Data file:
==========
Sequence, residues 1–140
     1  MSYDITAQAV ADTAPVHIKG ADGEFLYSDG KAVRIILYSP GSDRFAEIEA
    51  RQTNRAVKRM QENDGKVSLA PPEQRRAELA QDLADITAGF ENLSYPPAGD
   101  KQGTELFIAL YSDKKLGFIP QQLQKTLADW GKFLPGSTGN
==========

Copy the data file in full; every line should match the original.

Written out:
Sequence, residues 1–140
     1  MSYDITAQAV ADTAPVHIKG ADGEFLYSDG KAVRIILYSP GSDRFAEIEA
    51  RQTNRAVKRM QENDGKVSLA PPEQRRAELA QDLADITAGF ENLSYPPAGD
   101  KQGTELFIAL YSDKKLGFIP QQLQKTLADW GKFLPGSTGN